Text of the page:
A father-of-three who was diagnosed with Alzheimer’s at 56 years old is taking part in a new clinical trial that may be able to slow the disease’s effects.
David Shorr, now 59, is one of 10 patients testing an ultrasound cap at The Ohio State University Wexner Medical Center and two other sites.
The device uses ultrasound waves to open the blood-brain barrier and targets an area of the brain where dangerous levels of two rogue proteins can build up and lead to dementia.
Researchers hope that after opening the barrier, the body’s immune system may clear proteins from the brain, and that they may even be able to directly deliver medication to the site of the disease.
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David Shorr, of Bexley, Ohio, was diagnosed with Alzheimer’s disease at age 56. Pictured: Shorr, left, completing a jigsaw puzzle with his wife, Kim
He is now part of a new clinical trial testing an ultrasound cap at The Ohio State University Wexner Medical Center and two other sites. Pictured: Shorr undergoing testing
An estimated 5.7 million Americans of all ages are currently living with Alzheimer’s disease.
According to the Centers for Disease Control and Prevention, that number will rise to around 14 million over the next four decades.
The progressive brain disorder slowly destroys memory, thinking skills and the ability to perform simple tasks, and there is no cure.
Those who have Alzheimer’s have a build-up of two proteins, amyloid beta and tau, in the brain that form clumps, which smother and destroy neurons – leading to loss of memory and confusion.
Shorr, of Bexley, Ohio, is among the four percent of people who are diagnosed before age 65.
Several past clinical trials from pharmaceutical companies have failed to provide results that their drugs can slow Alzheimer’s progression.
Between 1998 and 2017, there have been almost 150 unsuccessful attempts to develop Alzheimer’s drugs, according to science news website BioSpace.
AstraZeneca plc, Biogen Inc, Eli Lilly, Johnson and Johnson, Merck and Co Inc, Pfizer Inc, and Roche AG were all testing drugs – but all failed or ended after safety concerns.
The cap uses ultrasound waves and microbubbles to open the blood-brain barrier, which protects the brain from infection. The barrier also makes it difficult to deliver medications to the brain, which may explain why other trials have failed. Pictured, left and right: Shorr
Researchers hope opening the blood-brain barrier will help the body’s immune system break down the build-up of proteins that smother neurons, causing memory loss and confusion. Pictured: Shorr, sitting taking part in the trial, with his wife, Kim, standing by
But the new clinical trial from Wexner Medical Center uses ultrasound waves to cross the blood-brain barrier, the layer of blood vessel walls that protects the brain from foreign objects.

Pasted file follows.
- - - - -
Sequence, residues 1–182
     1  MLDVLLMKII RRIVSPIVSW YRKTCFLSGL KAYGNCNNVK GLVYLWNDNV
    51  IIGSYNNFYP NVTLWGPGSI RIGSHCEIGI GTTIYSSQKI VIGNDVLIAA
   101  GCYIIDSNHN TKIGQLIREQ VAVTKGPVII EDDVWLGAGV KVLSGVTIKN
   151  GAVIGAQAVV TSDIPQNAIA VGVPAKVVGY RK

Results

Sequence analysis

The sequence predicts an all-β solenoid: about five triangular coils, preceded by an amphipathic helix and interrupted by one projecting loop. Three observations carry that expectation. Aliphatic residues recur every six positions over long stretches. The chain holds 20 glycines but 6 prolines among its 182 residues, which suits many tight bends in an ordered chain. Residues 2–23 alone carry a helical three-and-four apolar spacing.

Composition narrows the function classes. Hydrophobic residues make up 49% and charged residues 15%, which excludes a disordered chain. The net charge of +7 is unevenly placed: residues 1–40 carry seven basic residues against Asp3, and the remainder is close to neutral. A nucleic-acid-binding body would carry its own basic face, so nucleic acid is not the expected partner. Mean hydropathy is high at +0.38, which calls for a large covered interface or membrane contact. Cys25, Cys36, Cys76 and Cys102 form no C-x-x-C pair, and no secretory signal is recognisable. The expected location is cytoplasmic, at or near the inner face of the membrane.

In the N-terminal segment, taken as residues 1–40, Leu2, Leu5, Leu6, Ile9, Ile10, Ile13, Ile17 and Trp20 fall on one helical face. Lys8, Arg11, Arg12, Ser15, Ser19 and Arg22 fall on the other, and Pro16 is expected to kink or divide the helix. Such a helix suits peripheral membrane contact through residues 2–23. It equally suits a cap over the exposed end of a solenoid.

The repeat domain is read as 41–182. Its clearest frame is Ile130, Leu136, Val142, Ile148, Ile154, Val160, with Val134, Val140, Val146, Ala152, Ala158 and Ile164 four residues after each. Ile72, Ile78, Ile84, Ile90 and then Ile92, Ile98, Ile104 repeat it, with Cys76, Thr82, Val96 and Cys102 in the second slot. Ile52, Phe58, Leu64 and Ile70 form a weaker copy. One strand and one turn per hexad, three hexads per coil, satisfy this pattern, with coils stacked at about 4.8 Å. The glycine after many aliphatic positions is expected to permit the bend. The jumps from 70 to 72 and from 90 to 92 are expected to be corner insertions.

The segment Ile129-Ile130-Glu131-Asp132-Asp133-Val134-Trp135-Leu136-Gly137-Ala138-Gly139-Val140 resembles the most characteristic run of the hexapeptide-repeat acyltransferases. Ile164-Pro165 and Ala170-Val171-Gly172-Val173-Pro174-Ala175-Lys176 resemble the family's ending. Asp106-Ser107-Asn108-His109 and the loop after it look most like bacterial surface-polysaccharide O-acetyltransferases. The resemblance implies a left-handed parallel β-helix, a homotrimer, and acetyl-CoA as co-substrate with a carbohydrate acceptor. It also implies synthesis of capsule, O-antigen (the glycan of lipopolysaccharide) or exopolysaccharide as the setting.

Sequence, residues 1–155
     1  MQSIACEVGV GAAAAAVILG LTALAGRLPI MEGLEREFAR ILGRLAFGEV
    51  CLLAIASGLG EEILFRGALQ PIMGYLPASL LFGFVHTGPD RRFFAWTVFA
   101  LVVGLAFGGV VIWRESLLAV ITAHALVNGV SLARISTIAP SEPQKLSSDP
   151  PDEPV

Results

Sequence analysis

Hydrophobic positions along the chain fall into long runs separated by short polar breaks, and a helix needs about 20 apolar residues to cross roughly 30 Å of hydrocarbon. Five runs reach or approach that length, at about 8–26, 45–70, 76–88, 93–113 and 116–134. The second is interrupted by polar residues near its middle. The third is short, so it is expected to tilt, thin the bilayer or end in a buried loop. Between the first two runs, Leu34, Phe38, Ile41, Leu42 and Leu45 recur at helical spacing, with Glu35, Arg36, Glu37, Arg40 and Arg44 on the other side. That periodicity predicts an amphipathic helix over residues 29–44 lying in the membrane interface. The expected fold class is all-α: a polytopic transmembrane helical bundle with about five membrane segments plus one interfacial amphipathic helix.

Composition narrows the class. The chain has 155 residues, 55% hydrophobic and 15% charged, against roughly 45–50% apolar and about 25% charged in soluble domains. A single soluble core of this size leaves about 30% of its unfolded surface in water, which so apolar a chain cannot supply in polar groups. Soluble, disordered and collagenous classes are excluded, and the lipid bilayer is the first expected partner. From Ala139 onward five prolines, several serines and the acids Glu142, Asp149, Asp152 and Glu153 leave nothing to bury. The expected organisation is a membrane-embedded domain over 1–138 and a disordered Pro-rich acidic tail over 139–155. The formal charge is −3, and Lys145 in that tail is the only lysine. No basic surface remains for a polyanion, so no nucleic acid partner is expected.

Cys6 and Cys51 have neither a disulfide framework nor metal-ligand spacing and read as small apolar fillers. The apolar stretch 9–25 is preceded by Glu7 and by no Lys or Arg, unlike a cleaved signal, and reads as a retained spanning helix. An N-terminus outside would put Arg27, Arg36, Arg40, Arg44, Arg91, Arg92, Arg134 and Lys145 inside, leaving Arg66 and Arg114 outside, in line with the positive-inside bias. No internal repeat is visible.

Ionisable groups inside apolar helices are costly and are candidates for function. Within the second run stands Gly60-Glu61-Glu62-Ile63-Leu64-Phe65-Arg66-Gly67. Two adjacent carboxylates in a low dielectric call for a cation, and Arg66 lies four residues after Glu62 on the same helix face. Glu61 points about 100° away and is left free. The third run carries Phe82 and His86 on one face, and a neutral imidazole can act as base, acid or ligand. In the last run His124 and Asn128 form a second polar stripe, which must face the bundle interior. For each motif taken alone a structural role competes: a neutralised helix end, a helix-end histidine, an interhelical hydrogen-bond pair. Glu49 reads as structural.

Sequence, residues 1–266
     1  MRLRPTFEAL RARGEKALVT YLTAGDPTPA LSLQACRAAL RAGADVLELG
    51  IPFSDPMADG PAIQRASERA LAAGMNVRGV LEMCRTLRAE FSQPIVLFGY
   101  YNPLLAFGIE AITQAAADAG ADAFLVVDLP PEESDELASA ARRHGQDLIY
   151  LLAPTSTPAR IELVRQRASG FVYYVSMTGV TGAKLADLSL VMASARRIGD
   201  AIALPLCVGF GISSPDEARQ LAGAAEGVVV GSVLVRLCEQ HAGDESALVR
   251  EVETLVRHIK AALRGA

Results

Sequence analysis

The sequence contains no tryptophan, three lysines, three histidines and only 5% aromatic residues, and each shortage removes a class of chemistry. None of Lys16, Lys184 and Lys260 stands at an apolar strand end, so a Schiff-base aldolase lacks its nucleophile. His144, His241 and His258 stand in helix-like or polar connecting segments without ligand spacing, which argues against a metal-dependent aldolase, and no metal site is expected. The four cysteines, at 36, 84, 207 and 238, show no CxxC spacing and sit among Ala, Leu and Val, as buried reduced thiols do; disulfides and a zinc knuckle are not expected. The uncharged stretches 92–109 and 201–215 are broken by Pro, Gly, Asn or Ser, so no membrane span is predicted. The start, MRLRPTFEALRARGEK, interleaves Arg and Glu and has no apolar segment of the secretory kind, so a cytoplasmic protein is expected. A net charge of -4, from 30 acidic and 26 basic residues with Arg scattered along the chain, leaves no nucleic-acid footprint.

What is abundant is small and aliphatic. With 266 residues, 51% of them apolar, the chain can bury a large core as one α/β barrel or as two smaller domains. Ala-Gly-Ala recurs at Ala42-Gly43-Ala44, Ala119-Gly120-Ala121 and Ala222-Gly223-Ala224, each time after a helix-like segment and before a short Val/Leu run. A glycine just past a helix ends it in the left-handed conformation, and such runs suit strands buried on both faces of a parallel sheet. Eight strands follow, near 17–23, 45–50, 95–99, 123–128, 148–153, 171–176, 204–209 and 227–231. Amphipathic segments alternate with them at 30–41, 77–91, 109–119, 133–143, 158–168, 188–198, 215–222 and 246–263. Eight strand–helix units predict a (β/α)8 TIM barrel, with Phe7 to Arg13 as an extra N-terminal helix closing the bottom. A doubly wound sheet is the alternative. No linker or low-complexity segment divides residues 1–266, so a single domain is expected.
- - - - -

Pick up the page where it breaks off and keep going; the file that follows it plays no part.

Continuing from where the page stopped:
‘While it’s protective and beneficial for day-to-day brain function, when we think about therapeutics, the blood-brain barrier poses a significant challenge,’ said Dr Vibhor Krishna, a neurosurgeon at Ohio State Wexner Medical Center.
Because the walls are so tightly bound together, it’s extremely difficult to deliver medications to the brain, which may explain why other trials have failed.
‘The focused ultrasound procedure allows us to non-invasively access the brain tissue so treatment can be administered straight to the site of pathology,’ said Dr Krishna.
Shorr’s wife, Kim, remembers getting the call to participate in the clinical trial.
‘[They said]: “There’s this trial. Would you be interested?”‘ she said. ‘And without really knowing what it was, we said: “Sure”.’
First, Shorr’s head is shaved. Next, a head frame is secured so his head will remain still.
A cap that is attached to head frame delivers ultrasound waves and microbubbles to open the blood-brain barrier.
Another alternative is that opening the blood-brain barrier will help deliver drugs directly to the site of the disease. Pictured: Shorr walks his dog near his home
Currently, an estimated 5.7 million Americans of all ages are living with Alzheimer’s, and that number is expected to rise to around 14 million over the next four decades. Pictured: Dr Vibhor Krishna (right) fits Shorr with a helmet-like device used in the new clinical trial
This step, Phase 1, will determine if opening the blood-brain barrier is possible, if it’s safe, and if the barrier will close after being opened.
According to WebMD, Shorr has undergone three sessions and, each time, the blood-brain barrier has closed on its own in just a few hours.
Phase 2 will see researchers testing if the body’s immune system clears out proteins on it own, or if they can deliver medicine straight to the brain after opening the blood-brain barrier to hopefully treat Alzheimer’s.
‘In this research study, we are not delivering any medications. Our hypothesis is that, by opening the blood brain barrier, a patient’s own immune defense may clear some of those harmful amyloids,’ said Dr Krishna.
‘If we determine this to be safe, in the next steps we would want to understand the effectiveness and the impact of opening the blood-brain barrier in improving cognitive decline.’
Shorr said he is thankful to be part of the study, even if it doesn’t treat his condition.
‘You can help other people as you go by and they follow up.’ he said.
His wife Kim added: ‘We’re hopeful it can help him, but we also know maybe it will help somebody else.’